Comment & Opinion

Apple’s privacy changes have reduced advertising costs for mobile puzzle games

Moloco's Henry Wang on planning for the future

Apple’s privacy changes have reduced advertising costs for mobile puzzle games

Henry Wang is director of product marketing at Moloco

He has five years of experience working in the mobile programmatic space across both demand and supply side.

Puzzle games are among the most opportunity-rich in the modern mobile gaming industry.

Accounting for $6.9 billion in global revenue in 2020, their simplicity, approachability, and compatibility with IAP-based monetization represent a perfect storm of commercial viability.

This is especially true when supported by a comprehensive growth strategy, but every category is having to adjust to life in the post-IDFA world, and puzzle games are no exception.

The effective retirement of IDFA on iOS was thought by many to represent an obstacle to marketers who have relied on device-level identifiers as a means of acquiring users through paid user acquisition channels, especially when it comes to reaching high-value users.

Unlike heavily ad-supported genres like hypercasual, puzzle game marketers have always needed to allocate material resources for reaching the kind of big IAP spenders that make up a large percentage of their bottom line.

These types of players have historically been more common on iOS, making Apple’s privacy changes more pressing for marketers tasked with acquiring them at a profit.

Fortunately, while the release of iOS 14.5 has certainly reconfigured the competitive landscape, the release of iOS 14.6 produced a substantial benefit that far outweighs the challenges.

Unpacking the impact

Data from the programmatic advertising ecosystem suggests that the release of iOS 14.6 triggered a material decline in advertising prices for puzzle game marketers at large.

The ability to target and acquire high-value users through traditional methods may have dwindled, but it’s a market dynamic that has affected all competitors equally, effectively negating its competitive impact.

On the flip side, the overall cost of driving installs for puzzle games on iOS (formerly up to 300% higher than Android) has dropped to being nearly equal to that of Android in the months since the release of iOS 14.6.

Not pictured above is the consistent volume of campaigns in operation, which has been largely unaffected by the release of iOS 14.6, suggesting that the transition to the post-IDFA world has been a smooth one for most puzzle app advertisers.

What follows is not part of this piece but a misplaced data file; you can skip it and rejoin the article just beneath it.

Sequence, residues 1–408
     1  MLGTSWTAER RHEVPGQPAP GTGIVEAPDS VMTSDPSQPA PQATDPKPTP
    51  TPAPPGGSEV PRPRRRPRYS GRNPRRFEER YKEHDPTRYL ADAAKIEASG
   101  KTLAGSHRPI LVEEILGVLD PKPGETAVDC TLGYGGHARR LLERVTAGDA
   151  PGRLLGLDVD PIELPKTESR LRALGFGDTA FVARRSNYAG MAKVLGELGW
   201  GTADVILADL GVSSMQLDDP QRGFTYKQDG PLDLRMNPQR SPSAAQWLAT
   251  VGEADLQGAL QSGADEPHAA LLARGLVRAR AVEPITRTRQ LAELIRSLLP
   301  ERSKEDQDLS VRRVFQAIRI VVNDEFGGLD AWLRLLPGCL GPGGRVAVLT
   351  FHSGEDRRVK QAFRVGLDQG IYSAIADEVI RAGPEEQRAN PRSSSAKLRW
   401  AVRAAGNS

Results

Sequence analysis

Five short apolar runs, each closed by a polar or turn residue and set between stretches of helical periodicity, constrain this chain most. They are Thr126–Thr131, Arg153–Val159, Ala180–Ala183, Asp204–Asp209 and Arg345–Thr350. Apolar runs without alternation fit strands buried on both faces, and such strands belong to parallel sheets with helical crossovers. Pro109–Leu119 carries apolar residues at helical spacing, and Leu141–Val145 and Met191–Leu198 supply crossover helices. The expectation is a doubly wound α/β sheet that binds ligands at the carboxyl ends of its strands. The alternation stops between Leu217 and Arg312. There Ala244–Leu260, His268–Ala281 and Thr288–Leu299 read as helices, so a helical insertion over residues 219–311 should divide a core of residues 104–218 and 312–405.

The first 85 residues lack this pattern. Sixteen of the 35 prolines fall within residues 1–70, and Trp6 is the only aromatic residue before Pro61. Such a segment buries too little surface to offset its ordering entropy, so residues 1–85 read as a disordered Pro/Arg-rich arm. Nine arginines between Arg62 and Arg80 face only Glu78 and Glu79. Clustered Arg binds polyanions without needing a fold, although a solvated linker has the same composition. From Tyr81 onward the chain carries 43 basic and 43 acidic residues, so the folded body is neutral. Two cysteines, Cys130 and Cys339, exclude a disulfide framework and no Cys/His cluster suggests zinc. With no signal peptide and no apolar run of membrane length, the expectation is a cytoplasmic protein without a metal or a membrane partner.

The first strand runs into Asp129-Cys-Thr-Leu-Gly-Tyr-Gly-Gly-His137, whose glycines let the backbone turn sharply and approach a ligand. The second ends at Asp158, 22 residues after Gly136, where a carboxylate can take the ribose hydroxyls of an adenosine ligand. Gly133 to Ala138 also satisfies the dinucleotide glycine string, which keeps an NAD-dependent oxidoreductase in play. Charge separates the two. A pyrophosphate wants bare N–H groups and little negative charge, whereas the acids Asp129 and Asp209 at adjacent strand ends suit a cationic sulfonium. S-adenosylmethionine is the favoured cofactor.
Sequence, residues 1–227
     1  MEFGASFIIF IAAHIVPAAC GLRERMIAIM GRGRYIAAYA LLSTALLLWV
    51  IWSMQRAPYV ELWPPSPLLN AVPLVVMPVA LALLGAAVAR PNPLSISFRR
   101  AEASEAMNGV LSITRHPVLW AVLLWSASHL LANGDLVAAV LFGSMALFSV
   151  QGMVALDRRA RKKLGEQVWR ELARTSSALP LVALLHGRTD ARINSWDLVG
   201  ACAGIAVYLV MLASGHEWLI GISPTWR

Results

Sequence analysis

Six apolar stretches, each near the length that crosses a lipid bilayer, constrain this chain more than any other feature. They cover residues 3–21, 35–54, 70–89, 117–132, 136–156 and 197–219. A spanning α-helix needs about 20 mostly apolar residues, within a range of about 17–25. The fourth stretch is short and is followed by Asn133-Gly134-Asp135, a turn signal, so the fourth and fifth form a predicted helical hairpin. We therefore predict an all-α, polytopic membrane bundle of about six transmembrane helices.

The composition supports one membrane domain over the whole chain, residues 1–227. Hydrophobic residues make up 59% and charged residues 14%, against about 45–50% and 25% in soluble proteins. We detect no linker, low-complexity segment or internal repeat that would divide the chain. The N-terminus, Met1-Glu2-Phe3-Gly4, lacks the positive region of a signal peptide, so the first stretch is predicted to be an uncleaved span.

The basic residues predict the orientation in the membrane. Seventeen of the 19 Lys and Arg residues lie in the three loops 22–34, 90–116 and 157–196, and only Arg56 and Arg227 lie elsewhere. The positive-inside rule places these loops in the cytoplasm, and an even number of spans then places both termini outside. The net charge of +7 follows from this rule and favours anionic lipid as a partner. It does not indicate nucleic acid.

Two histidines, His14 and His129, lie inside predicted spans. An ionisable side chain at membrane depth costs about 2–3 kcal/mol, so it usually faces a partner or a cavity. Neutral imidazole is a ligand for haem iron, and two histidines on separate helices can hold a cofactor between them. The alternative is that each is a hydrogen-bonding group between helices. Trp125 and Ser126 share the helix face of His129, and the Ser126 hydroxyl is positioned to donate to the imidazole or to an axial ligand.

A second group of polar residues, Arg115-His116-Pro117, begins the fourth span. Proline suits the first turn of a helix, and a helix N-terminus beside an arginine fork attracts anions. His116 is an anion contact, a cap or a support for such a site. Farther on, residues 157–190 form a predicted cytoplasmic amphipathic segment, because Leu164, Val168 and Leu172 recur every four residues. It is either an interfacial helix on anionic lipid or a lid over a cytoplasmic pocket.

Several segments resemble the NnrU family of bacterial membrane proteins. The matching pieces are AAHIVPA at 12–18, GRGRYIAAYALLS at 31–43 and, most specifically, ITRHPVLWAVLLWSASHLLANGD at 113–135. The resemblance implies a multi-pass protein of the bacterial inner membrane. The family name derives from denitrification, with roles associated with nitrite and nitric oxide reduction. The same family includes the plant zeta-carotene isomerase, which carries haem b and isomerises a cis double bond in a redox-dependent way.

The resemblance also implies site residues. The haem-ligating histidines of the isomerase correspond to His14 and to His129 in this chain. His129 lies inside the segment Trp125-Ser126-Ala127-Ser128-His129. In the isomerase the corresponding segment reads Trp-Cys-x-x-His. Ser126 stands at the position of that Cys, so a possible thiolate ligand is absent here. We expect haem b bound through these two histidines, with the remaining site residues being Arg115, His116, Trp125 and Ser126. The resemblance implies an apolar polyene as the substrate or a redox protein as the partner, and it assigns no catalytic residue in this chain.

The ability to target and acquire high-value users through traditional methods may have dwindled, but it’s a market dynamic that has affected all competitors equally.

Budgets seem to have been gradually adjusted to account for the new competitive landscape with no noteworthy drops in demand.

Perhaps most interesting is the fact that install costs for Android have remained steady throughout the entire year, reverting largely to the mean after only a slight uptick following Apple’s updates.

This likely indicates a brief period of experimentation in which marketers reallocated resources towards Android in hopes of leveraging its remaining support for device-level identifiers before rebalancing to previous standards shortly thereafter.

How puzzle game marketers can move forward

While some reversion may occur, especially as Android makes its own changes to how it handles user privacy, the current trend suggests that iOS now offers lower acquisition costs than it did prior to the release of iOS 14.5.

While puzzle games may not have been the most dramatically impacted compared to genres like sports & racing, which saw a stark divergence in advertising prices by platform, the take away for marketers should be the same — Apple’s privacy changes are an opportunity, not a threat.

The question now is what strategies will be the most effective in the new mobile marketing ecosystem. Here are a few to keep in mind:

  1. Diversify your channels: The quickest way to mitigate risk during this transition is to avoid concentration of resources in any single channel. Instead, diversify your media spend across several channels to insulate yourself from uncertainty. This approach also helps you identify new high-performing channels that you can optimize during future campaigns.
  2. Optimize for ROAS: The ideal post-IDFA tech stack is one that can effectively facilitate return-on-ad-spend (ROAS) performance advertising models. While this may increase your CPM in the short term, it will also minimize unnecessary spending and maximize revenue for each player acquired.
  3. Invest in experimentation: With such low acquisition costs, now is the perfect time to experiment with new creative and targeting strategies. Take modest risks, conduct A/B tests, and find ways to connect with audiences that don’t rely on user identifiers. If you succeed, you’ll be ahead of the curve when it comes to acquiring and engaging players in the privacy-first environment.

The changes occurring within the puzzle game space are far from unique.

All app categories are undergoing contrasting developments as they transition from IDFA-centric practices to privacy-forward, contextual tactics. Mobile marketers that invest in the strategies listed above will be positioned to navigate these and other changes with grace and stability. 

You can find out more about Moloco's services via its website.

PocketGamer.biz regularly posts content from a variety of guest writers across the games industry. These encompass a wide range of topics and people from different backgrounds and diversities, sharing their opinion on the hottest trending topics, undiscovered gems and what the future of the business holds.

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